Exercise your way: A preference-based physical activity intervention in early psychosis


1. Introduction Although physical activity (PA) is recommended, few early psychosis individuals (EPI) engage in PA because of barriers (e.g., motivation). We hypothesized that a PA program based on their preferences, associated with motivational counseling, would facilitate their adherence to a PA program. The purpose of the study was to determine the feasibility of such program and its impact on their participation in a PA intervention. 2. Methods Open trial of a 3-month supervised PA intervention, biweekly, 45 minutes with counseling based on the transtheoretical model. Anthropometric measures (e.g. waist circumference), motivation to PA, psychiatric symptoms (PANSS), global functioning and satisfaction towards the intervention were measured at baseline and after 3 months. 3. Preliminary results 16/45 EPI were recruited (72% women, 26±4.4 years old, BMI: 28.3±4.8 kg/m²). 37.5% dropped out the intervention and compliance rate to the prescribed exercise intervention was 65%. 73% of participants were satisfied with the intervention, 80% found the intervention motivating to achieve more PA, 80% would continue the program, and 100% would recommend the intervention to a peer. Participants who dropped out the intervention (n = 6), compared to those who persisted (n = 10), perceived fewer benefits to PA (p = 0.02) and were more likely to have higher BMI (p = 0.06), or to use experiential motivational strategies (p = 0.06). 4. Discussion Our preliminary results showed that preference-based training is feasible among EPI and is associated with high satisfaction rate.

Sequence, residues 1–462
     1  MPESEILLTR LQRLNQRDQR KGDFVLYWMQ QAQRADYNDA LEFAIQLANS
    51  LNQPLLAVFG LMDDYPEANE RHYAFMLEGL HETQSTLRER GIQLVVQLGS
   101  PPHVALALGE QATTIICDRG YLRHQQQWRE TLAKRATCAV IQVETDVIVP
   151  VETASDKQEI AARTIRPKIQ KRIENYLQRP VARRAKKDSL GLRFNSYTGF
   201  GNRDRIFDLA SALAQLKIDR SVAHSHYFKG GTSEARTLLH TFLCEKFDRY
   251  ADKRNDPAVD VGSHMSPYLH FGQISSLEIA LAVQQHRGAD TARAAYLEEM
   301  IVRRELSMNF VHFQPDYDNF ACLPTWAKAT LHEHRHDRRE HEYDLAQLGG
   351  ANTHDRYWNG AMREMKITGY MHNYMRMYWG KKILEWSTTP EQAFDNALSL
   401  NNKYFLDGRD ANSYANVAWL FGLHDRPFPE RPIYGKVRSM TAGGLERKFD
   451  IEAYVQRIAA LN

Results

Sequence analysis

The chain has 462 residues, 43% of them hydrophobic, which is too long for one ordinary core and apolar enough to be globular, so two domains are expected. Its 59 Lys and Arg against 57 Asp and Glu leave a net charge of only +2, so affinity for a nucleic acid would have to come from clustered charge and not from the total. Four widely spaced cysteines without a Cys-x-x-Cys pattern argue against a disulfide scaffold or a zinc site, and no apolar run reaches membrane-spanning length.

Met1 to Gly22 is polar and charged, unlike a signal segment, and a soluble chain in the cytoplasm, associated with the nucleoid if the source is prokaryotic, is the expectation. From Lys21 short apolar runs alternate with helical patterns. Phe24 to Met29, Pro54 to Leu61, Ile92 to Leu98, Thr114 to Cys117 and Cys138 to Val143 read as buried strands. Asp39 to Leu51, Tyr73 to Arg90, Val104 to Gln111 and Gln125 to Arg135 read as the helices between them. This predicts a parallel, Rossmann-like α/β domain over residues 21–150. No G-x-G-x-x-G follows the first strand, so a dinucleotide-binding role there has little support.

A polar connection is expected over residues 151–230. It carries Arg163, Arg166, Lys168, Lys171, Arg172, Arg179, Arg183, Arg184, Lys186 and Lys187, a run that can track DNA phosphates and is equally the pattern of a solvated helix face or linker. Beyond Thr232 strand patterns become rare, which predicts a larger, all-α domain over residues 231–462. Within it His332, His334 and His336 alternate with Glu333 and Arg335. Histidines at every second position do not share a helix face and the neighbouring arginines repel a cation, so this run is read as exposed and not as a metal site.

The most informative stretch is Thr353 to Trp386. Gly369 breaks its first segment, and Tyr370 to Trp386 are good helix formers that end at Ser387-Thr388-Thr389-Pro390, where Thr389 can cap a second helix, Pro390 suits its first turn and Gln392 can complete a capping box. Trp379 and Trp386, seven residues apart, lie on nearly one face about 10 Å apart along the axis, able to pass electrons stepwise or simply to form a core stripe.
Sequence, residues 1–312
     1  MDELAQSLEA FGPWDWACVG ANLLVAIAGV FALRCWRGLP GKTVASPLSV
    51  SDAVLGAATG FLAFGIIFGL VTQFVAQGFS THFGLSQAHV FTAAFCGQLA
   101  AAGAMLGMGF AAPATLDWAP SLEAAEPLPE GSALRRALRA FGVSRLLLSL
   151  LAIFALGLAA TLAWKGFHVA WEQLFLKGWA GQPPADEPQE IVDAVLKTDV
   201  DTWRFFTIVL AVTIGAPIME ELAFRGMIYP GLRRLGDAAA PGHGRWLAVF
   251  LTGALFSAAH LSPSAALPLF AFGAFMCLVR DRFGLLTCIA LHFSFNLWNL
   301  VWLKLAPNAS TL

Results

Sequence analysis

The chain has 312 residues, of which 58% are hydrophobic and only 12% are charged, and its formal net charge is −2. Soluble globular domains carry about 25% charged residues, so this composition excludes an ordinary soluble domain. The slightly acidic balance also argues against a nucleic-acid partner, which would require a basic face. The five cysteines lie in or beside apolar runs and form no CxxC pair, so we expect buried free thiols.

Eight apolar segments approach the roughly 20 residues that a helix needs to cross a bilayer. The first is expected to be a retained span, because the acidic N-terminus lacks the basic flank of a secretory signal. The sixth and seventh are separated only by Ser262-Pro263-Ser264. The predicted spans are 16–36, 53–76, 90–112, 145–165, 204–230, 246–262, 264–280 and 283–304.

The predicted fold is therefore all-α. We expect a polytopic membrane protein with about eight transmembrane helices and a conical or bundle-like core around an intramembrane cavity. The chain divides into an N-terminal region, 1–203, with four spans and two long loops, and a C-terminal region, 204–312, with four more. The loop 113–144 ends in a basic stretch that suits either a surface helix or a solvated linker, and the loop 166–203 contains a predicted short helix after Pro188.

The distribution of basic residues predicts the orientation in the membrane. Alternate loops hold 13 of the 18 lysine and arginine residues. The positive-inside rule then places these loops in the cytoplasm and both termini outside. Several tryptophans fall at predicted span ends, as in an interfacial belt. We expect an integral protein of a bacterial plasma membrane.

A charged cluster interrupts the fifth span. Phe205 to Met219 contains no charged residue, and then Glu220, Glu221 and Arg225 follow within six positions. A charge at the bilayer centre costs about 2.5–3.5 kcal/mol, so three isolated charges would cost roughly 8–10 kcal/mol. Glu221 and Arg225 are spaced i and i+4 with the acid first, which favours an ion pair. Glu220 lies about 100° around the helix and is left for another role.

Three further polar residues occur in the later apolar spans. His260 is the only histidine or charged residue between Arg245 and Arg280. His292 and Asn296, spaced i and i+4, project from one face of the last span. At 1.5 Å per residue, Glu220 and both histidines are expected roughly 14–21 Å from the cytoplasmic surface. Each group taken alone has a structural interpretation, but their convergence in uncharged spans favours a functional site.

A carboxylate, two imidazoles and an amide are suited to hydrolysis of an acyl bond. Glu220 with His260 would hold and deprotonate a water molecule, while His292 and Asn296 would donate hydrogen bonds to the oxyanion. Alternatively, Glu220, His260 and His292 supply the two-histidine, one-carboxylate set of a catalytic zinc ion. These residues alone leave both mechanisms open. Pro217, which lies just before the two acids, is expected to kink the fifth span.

Acknowledgments: AJR is supported by the FRQS